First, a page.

MR Utilization for Thoracic Imaging: A Case for the Expanding Role

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The application of magnetic resonance (MR) for thoracic imaging has greatly advanced over the past decade with advances in software and hardware allowing for more consistent and robust image quality. As a result of improving image quality, there has been an expansion in the applications of MR imaging of the chest. Thoracic MR is now used as both first-line imaging of suspected disease and second-line imaging procedure for improved characterization of known disease for preprocedural planning. Lack of radiation exposure and use of noncontrast and contrast-enhanced protocols with nonrenotoxic agents result in a very favorable safety profile for this modality.
Unique to MR is the ability to perform both physiologic and anatomic assessment of disease which improves the value of the technique. Current applications include vascular and soft tissue assessment. Imaging of the lymphatic system is an expanding use of MR at specialized centers. Current American College of Radiology guidelines include an appropriate score for the use of MR for chylothorax (6) and thoracic outlet (8), while indeterminate score (5) for pulmonary arterial imaging on last review. The increasing value of MR in providing diagnostic certainty and impact on clinical decision making to referring surgeons was recently reported by Ackman et al.1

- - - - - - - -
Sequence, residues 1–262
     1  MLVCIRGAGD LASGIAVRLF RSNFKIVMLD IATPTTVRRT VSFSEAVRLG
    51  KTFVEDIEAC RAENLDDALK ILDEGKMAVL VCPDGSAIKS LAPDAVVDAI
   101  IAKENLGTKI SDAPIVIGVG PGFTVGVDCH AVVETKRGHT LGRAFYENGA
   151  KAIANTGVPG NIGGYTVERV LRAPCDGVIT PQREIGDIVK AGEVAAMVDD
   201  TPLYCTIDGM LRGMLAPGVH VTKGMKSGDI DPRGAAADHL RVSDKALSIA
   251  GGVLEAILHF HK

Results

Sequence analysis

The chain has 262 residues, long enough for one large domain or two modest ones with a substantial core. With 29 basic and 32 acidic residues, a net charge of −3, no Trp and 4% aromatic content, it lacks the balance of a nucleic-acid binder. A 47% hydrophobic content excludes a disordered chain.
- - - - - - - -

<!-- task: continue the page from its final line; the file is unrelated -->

Herein, this special edition of Topics in MR imaging, we update the current status of thoracic MR and highlight on expanding role of this technology in patient care.

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